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Welcome to . Starry Monday at Otterbein. Astronomy Lecture Series -every first Monday of the month- February 7, 2005 Dr. Uwe Trittmann. Today’s Topics. Famous Telescopes Objects worthy to be observed The Night Sky in February. Feedback!.

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starry monday at otterbein

Welcome to

Starry Monday at Otterbein

Astronomy Lecture Series

-every first Monday of the month-

February 7, 2005

Dr. Uwe Trittmann

today s topics
Today’s Topics
  • Famous Telescopes
  • Objects worthy to be observed
  • The Night Sky in February
feedback
Feedback!
  • Please write down suggestions/your interests on the note pads provided
  • If you would like to hear from us, please leave your email / address
  • To learn more about astronomy and physics at Otterbein, please visit
    • http://www.otterbein.edu/dept/PHYS/weitkamp.asp (Obs.)
    • http://www.otterbein.edu/dept/PHYS/ (Physics Dept.)
telescopes
Telescopes
  • From Galileo to Hubble
telescopes5
Telescopes
  • Light collectors
  • Two types:
    • Reflectors

(Mirrors)

    • Refractors (Lenses)
famous telescopes galileo
Famous Telescopes - Galileo
  • Galileo’s first telescope was 3x magnifying
  • his last one 32 x
famous telescopes newton
Famous Telescopes -Newton
  • First Reflector ever
  • Built around 1670
  • After this: gargantuan

Telescopes!

famous telescopes hevelius
Famous Telescopes - Hevelius

Rooftop observatory of Johannes Hevelius (1670)

famous telescopes hevelius9
Famous Telescopes - Hevelius

60 inch ^

140 inch 

famous telescopes herschel
Famous Telescopes - Herschel

Herschel detected Uranus (1781)

famous telescopes lord ross
Famous Telescopes – Lord Ross
  • 72 inch Reflector
  • built during potato famine in Ireland
  • Largest Telescope until Mt Wilson (1917)
famous telescopes yerkes
Famous Telescopes – Yerkes
  • Largest Refractor Telescope ever
  • 40 inch lens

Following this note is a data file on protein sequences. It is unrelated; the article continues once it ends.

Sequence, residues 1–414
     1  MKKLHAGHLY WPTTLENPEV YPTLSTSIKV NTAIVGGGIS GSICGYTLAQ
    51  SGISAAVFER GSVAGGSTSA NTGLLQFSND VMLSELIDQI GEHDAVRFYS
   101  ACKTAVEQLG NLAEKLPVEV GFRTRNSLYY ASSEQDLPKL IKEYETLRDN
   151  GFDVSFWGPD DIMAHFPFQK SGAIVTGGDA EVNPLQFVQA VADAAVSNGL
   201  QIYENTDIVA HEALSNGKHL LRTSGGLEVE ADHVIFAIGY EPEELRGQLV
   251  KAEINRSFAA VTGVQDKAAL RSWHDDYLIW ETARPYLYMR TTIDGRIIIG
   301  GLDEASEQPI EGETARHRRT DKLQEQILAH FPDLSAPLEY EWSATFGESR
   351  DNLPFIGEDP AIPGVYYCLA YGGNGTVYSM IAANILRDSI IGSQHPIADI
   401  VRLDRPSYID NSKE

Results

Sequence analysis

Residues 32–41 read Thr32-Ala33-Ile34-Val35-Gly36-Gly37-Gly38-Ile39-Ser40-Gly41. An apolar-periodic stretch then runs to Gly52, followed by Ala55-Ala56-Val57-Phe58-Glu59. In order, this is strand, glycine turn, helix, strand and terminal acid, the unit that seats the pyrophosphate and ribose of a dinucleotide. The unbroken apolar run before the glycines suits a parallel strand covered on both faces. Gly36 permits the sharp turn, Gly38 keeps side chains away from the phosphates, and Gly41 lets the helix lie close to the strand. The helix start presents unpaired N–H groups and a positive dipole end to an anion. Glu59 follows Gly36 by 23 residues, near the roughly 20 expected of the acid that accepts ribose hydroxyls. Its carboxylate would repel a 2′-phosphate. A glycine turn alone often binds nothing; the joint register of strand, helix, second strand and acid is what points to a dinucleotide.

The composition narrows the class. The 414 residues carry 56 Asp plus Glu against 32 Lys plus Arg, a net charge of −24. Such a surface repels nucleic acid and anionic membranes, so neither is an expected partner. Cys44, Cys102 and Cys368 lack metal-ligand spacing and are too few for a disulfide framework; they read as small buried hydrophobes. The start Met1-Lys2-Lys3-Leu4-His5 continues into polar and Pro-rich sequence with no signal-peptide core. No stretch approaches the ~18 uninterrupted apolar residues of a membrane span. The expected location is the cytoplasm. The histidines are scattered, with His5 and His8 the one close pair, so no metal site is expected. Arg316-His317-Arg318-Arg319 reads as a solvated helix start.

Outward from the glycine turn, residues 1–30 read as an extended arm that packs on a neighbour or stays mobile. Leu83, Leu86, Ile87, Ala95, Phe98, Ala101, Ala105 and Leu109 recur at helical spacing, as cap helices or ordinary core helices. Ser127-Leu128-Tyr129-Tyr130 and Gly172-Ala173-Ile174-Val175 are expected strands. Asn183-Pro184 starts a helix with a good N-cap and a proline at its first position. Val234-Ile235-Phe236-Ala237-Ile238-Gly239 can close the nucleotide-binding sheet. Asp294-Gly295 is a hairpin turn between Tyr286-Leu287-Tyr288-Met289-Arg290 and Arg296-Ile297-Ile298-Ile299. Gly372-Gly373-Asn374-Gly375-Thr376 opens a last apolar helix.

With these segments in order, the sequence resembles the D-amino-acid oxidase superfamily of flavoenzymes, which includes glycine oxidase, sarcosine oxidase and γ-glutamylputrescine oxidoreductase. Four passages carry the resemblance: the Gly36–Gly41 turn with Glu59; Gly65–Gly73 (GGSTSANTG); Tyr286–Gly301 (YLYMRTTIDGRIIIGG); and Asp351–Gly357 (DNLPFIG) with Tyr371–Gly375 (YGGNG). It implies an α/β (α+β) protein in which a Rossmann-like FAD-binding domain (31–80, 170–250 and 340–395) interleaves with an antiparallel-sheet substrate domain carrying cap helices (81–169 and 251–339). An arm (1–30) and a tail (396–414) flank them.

• Built 1897
famous telescopes mt palomar
Famous Telescopes – Mt Palomar
  • 5 Meter Telescope – Huge and heavy mirror
  • On Mt. Palomar in California
famous telescopes hubble space telescope
Famous Telescopes – Hubble Space Telescope
  • In orbit around earth
  • No limitations due to earth’s atmosphere
  • Brilliant pictures
famous telescopes arecibo radio telescope
Famous Telescopes – Arecibo Radio Telescope
  • Located in Puerto Rico
  • 300m diameter
  • Receives Radio waves
  • Built 1963
  • SETI
famous people
Famous People

Hubble in prime focus of Einstein visits Mt Wilson Mt Palomar.

Hubble detected the Expansion of the Universe

 Proof of Einstein’s General Relativity Theory

largest earth based telescopes
Largest Earth-Based Telescopes
  • Keck I and II, Mauna Kea, Hawai’i
    • 36  1.8 m hexagonal mirrors;

equivalent to 10 m

    • Above most of atmosphere

(almost 14,000 ft ASL)

    • Operating since 1993
mauna kea
Mauna Kea
  • Elevation: 14,000 ft.
  • Oxygen: 60%
  • Freezing on top, snorkeling at sea level
  • Road: strictly 4 wheels!
mauna kea20
Mauna Kea
  • 325 observing days per year!
  • Darkest skies on the planet!

Maui

classifying objects
Classifying Objects
  • Sun and Moon
  • Planets and their moons
  • Stars and Constellations
    • Variable stars
  • The Milky Way
  • Deep Sky Objects
    • Star Clusters (Open and Globular)
    • Bright and Dark Nebulae
    • Galaxies (used to be called nebulae also)
when to observe which objects
When to observe which Objects
  • The surface features on the Moon are best seen when the Moon is not full (nor new )
  • Observe Jupiter’s four Galilean moons with binoculars whenever Jupiter’s up
  • Small telescope will show Saturn’s rings